It takes a lot of courage and an open and direct communicator to come out of the silence, shame or stigma that surrounds loss and say to a loved one who isn’t saying a lot – “ I really want you to be here for me.” This can be quite powerful and may yield incredible results.
And yet, this type of communication can be tricky at times. Some people might be hurt by feedback whereas others desire it. So, I think small ways of saying “I’d love to feel your love right now” or “I’d love to feel more connected” or “I would love to hear from you a bunch right now” can be a good place to start.
Furthermore, if someone wants to share even more openly, saying something like, “I have felt like you haven’t been there, did my loss somehow bring up feelings for you about something?” they could do that, too. A conversation like this could be complicated amongst peers, however, especially other women who are pregnant, because perhaps they could be scared to talk about loss while pregnant.
As you can see, communicating (about support) after loss or during pregnancy after loss can actually be quite complicated.
Some women on our platform who have had a miscarriage struggle with the simple question “how many kids do you have?” Say they have two children but have had two miscarriages and want to say “four children” but that leads into a long conversations about what happened to the other two. Have you ever felt this way or have you ever had clients speak about this?
I hear about this in my work a lot, especially from women who have had stillbirth experiences or lost infants. Like so many things, this is such a personal and individual decision as to whether or not people include their losses when sharing with others about the number of children they have. If it feels important to share, do. If people don’t want to explain the details or share them with strangers, than respecting one’s own privacy and sharing with people who understand instead makes sense. Whatever you feel most comfortable with at any given time should be honored.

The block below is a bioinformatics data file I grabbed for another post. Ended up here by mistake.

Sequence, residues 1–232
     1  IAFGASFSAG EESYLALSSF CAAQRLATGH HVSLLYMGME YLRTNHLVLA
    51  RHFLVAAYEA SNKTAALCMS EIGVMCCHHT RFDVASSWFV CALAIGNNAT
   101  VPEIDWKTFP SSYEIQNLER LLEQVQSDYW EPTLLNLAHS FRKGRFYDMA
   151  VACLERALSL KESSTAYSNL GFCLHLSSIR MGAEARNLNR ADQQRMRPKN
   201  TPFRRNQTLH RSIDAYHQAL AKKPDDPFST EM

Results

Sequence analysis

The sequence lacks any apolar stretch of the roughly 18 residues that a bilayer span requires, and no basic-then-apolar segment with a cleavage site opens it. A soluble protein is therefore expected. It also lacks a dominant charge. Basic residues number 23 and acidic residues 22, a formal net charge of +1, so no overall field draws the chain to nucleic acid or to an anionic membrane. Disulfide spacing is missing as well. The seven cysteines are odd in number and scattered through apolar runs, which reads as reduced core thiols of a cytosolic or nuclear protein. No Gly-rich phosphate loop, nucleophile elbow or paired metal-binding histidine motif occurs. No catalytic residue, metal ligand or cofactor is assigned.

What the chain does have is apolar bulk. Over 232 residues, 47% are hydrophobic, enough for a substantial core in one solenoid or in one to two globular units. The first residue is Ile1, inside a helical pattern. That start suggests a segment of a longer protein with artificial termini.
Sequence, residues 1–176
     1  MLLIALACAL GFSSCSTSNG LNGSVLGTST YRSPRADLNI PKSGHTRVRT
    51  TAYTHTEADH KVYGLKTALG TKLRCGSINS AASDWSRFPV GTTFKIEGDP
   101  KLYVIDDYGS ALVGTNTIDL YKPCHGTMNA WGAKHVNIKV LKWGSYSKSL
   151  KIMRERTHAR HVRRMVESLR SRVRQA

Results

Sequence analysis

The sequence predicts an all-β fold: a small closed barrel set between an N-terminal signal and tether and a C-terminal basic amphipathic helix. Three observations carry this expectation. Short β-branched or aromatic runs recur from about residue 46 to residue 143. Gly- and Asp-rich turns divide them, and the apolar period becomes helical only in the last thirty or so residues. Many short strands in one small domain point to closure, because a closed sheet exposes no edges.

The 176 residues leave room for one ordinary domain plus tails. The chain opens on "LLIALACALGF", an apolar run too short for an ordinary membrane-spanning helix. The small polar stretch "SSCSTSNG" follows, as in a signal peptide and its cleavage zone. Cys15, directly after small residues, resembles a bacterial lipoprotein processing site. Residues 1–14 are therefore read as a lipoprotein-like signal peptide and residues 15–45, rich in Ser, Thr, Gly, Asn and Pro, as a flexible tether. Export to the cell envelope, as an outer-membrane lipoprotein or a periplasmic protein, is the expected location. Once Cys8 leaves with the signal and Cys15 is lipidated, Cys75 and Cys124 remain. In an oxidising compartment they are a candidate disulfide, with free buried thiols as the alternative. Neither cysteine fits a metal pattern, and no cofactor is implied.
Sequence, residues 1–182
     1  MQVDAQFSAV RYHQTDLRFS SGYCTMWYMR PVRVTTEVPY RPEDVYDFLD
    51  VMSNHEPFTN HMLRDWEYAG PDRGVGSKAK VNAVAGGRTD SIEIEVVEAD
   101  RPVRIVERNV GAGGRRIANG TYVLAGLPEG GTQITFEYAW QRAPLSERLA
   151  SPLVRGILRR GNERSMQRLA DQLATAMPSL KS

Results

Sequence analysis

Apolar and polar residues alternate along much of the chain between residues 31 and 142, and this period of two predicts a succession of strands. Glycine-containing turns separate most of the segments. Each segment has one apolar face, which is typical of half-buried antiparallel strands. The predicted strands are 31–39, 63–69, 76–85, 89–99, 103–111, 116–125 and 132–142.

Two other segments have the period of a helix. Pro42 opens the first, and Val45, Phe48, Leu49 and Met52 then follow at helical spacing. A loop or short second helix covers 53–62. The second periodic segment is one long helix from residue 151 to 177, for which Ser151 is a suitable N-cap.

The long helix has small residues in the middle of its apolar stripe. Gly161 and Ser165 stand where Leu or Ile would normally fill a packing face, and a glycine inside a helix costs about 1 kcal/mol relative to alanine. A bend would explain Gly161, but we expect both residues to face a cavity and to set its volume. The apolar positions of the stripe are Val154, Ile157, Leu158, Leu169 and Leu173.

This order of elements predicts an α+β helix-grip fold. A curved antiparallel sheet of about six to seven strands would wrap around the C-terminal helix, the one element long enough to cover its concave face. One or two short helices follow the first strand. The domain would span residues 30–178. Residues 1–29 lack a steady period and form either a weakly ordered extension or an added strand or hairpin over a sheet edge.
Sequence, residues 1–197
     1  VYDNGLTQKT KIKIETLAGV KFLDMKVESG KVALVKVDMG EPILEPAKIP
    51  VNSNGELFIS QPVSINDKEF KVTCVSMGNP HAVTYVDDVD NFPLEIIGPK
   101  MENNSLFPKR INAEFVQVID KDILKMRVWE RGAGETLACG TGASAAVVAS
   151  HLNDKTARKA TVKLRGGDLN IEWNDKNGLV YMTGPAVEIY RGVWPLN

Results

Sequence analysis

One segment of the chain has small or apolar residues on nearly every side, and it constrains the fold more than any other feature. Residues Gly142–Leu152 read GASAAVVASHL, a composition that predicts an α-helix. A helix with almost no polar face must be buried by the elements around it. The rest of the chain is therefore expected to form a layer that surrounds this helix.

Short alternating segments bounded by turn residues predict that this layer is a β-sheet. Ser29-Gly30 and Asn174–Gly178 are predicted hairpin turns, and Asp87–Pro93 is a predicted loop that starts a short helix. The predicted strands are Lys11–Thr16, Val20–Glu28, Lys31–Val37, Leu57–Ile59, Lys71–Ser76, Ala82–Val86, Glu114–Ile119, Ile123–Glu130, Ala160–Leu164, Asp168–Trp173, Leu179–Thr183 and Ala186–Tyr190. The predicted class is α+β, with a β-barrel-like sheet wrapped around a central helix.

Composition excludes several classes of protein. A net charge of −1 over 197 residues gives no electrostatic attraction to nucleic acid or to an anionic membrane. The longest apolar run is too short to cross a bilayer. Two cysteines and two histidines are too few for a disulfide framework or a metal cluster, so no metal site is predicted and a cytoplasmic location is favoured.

I think it’s important to think about this question as a culture. If there were rites and rituals embedded in our society around pregnancy/infant loss, perhaps these types of questions wouldn’t be so difficult to navigate. For example, in other cultures, like Japan, they acknowledge loss publically. I went to Japan in the Spring in part to research the way they honor pregnancy and infant loss. They have Jizo statues that represent lost babies and these are displayed in public. This is such a profound and beautiful way to integrate loss into society so that it isn’t seen as something that we stuff away or become quiet about. That we face alone. Shame and silence exist a lot less in cultures that acknowledge these experiences and the subsequent grief as normative.
It would be amazing if somehow we had something in our culture that really honored the loss in a concrete way so that questions like this wouldn’t be so difficult to answer.
We sincerely hope that Dr. Zucker’s perspectives helped to bring more comfort into your life, and that our after loss meditations below will continue to support you throughout your process.